In the Germany of the eighteen-nineties, Georg Cantor discovered the mathematical paradox that bears his name.
He put it down to the ineffability of God, even though he was only studying numbers; they were very big numbers.
But, the mathematical mainstream has since then replaced our natural conception of a collection with formal (or fictional) sets that are better behaved.
Whereas, the natural conceptions are fundamental to our actual thinking; in particular, if we cannot rely on our best thinking about formal sets, then why should formal sets be any better?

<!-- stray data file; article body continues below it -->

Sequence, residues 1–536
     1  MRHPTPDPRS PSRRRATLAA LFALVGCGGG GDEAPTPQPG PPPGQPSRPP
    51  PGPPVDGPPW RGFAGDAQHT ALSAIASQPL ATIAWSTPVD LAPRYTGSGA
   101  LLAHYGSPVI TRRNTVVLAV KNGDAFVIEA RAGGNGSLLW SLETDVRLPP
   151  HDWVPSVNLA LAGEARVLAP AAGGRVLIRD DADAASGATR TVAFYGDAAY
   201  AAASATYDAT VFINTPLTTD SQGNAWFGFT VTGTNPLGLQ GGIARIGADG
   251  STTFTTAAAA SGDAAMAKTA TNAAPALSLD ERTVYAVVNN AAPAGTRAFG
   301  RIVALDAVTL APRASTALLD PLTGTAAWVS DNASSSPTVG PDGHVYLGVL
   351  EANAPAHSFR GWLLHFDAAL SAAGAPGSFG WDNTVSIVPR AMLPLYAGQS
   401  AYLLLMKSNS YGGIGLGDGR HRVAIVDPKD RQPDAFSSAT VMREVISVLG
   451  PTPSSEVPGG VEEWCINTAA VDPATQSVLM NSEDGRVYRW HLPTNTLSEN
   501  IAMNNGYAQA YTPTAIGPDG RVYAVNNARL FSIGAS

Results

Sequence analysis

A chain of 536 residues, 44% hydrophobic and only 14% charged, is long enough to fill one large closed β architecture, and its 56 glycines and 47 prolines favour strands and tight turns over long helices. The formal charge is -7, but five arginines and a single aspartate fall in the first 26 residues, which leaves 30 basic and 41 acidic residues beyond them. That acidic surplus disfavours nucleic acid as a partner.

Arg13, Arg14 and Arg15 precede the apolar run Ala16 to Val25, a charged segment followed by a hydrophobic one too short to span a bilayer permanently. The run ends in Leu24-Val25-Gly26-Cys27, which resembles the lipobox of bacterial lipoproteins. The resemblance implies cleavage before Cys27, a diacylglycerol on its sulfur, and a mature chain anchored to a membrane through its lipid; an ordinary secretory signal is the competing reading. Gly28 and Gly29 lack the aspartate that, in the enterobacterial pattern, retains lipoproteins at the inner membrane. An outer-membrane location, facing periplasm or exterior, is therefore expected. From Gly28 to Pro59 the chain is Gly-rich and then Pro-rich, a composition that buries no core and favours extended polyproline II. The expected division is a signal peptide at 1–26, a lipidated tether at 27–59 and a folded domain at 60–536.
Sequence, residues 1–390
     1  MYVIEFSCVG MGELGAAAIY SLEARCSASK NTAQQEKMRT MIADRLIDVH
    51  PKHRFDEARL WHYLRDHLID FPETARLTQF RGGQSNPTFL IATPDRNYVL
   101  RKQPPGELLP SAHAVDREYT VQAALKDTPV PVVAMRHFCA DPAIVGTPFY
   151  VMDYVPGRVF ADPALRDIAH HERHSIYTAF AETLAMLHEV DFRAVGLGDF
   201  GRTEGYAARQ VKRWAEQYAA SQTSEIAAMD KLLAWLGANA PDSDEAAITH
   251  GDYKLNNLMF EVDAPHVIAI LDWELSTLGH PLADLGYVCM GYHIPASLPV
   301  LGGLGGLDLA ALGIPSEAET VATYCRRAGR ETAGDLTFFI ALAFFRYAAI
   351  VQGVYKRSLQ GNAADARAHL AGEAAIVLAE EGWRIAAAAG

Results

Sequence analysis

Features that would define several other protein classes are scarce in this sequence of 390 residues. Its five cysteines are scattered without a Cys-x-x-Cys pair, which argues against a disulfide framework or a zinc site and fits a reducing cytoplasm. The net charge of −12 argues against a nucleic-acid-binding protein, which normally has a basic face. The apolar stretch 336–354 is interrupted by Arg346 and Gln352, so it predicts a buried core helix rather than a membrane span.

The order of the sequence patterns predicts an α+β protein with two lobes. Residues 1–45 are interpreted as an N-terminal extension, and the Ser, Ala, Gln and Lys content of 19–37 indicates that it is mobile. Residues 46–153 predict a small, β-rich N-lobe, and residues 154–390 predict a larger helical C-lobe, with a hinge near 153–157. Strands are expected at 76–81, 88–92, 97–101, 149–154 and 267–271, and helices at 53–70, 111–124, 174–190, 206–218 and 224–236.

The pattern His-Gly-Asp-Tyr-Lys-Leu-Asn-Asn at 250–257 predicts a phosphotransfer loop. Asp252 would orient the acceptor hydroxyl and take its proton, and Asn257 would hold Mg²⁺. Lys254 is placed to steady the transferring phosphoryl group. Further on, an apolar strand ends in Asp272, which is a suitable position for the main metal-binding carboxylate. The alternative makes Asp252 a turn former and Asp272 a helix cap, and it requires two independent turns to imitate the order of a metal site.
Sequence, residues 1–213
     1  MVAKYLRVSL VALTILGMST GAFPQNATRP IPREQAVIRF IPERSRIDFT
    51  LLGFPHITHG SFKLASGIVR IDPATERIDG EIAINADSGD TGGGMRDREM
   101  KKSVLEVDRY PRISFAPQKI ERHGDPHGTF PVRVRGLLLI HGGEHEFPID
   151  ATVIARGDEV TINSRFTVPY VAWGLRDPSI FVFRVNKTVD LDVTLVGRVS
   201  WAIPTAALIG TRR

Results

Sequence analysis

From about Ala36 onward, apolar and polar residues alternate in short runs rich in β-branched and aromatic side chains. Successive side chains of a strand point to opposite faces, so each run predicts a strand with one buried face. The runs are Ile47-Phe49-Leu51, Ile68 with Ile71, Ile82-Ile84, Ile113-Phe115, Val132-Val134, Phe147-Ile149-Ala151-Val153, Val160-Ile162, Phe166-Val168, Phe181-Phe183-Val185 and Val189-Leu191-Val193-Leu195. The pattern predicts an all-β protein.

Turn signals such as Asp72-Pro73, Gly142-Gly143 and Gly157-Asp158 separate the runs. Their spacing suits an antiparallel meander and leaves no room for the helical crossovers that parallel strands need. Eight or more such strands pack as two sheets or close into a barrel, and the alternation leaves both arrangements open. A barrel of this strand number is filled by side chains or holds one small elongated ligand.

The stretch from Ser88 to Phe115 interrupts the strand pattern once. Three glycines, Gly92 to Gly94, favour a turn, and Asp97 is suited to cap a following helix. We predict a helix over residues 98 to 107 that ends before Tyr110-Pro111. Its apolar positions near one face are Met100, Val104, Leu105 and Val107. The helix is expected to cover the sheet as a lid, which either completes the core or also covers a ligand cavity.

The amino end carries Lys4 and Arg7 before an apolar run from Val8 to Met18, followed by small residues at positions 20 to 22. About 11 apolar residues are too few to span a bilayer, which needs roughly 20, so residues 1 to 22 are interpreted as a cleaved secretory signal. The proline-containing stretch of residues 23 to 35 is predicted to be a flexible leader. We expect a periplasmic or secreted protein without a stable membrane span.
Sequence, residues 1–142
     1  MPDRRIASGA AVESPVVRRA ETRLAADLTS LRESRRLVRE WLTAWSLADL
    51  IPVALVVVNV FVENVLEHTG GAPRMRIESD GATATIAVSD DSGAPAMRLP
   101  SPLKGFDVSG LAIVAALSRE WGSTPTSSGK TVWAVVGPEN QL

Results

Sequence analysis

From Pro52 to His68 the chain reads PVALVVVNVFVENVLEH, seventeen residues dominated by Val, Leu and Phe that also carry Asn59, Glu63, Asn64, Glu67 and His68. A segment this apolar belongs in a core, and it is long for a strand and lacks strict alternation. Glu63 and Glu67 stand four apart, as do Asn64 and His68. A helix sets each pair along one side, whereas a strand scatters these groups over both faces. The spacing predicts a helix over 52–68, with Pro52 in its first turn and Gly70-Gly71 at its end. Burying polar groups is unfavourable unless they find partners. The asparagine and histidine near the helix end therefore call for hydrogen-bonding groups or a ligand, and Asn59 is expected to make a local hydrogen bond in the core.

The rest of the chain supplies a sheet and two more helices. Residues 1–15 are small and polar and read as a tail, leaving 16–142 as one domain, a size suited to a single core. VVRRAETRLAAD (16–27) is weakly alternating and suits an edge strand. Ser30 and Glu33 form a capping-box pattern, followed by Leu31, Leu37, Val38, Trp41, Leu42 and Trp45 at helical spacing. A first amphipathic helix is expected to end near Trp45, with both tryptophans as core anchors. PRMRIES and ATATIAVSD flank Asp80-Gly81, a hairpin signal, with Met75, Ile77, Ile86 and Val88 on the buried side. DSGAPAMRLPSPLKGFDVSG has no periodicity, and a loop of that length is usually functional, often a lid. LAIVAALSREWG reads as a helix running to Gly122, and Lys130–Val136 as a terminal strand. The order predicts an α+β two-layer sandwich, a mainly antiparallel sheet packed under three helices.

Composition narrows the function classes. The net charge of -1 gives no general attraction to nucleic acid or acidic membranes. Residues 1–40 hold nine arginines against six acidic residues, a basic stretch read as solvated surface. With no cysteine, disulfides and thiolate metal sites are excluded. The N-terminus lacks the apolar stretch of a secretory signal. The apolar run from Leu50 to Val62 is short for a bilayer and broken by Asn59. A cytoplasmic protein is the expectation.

Consequently logical thinkers need to hypothesize God: only that allows those conceptions without paradox (as previously posted, and as sketched in my next post).
Over the next few posts I aim to scrutinize the elements of this, e.g. the essence of Cantor's paradox, and why we do still need logic in this democratic and scientific age.
Young Peregrine Falcons, Treecreepers and Butterflies galore! - It's mid-Summer and my usual lack of mojo in photography at this time of year has reared it's head again, although my recent trip to amazing Skomer Island ...
8 hours ago